Fr. Allan J. McDonald said...

JJ, it is a part of the Magisterium even the non-infallible parts that establish an agenda or pastoral plan although certainly open to change and critique in a charitble way and by the bishops themselves.

So yes, your comments are anathema as well as uncharitable born of anger rather than Christ-like love!

MR said...

That under this pontificate we've ended up with someone as excellent as Card Sarah running the CDW is nothing short of miraculous.

George said...

The evangelization of the world since the late sixties has been by and on behalf of secular humanism, and it has unfortunately been enormously successful.

"..we are seeing once again a deification of the Second Vatican Council's documents to the point of making even pastoral and discipline-oriented aspects of this Council into rigid infallible statements that cannot be changed."

Liturgy and pastoral practice are not on the same level as that of dogma and doctrine, which cannot be changed. Nothing however, in the liturgical, or the pastoral or discipline, or in the implementation or exercise of these, can contradict or serve in any way to undermine Magisterial teaching. So while liturgy and discipline can be altered, whatever changes are made, or in the way they are implemented, must conform and be subservient to, the defined teachings of the Holy Catholic Church, and must serve as their intended end, the building up and strengthening of the Body of Christ. It is altogether good to assess after a period of time, the effect of these things that can be changed, and if changes were made that are not having the intended good effect, to determine those things that are problematic and make any needed corrections or changes to practice or implementation.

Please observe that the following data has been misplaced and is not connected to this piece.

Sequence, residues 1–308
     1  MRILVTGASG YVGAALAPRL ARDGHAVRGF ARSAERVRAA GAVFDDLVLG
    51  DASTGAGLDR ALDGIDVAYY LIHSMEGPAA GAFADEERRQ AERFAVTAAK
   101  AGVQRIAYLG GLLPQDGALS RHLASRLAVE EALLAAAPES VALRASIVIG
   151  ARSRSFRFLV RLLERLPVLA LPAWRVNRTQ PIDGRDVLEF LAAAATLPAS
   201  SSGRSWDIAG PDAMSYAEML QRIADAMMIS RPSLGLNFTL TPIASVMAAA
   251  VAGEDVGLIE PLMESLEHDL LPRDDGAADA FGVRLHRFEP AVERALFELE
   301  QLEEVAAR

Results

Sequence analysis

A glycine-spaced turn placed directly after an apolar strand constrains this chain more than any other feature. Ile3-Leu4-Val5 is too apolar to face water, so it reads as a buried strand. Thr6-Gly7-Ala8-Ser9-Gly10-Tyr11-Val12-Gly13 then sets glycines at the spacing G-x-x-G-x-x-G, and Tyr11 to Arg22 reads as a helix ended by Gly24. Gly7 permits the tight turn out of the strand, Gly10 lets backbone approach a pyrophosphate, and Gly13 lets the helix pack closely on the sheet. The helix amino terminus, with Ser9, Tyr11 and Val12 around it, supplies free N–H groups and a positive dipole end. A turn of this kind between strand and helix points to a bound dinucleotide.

Dialogue said...

What's saddest about the Accommodationists (to use Ross Douthat's term for the neo-Moderists) is that I could argue their position more logically and convincingly than they do. (Too much marijuana and libertine sex has dampened their reasoning skills!)

There is no future for the extremists on either side who pit the defined dogmas of Trent and the pastoral care of VCII against each other. There is no discontinuity between these two ecumenical councils. The only way forward is the path of virtue, and in medio stat virtus.

Julian Barkin said...

AMJ, Jansenism is a heresy. There's no sense dealing with those who are heretics, especially that it is insulting to the Redemptorists and St Alphonsus Liguori who fought against that loveless and wrong theology.

jolly jansenist said...

Hey, Julian, it's a joke. Lighten up. I see Fr. has done gone and whupped out the anathema word again. LOL!

Ted said...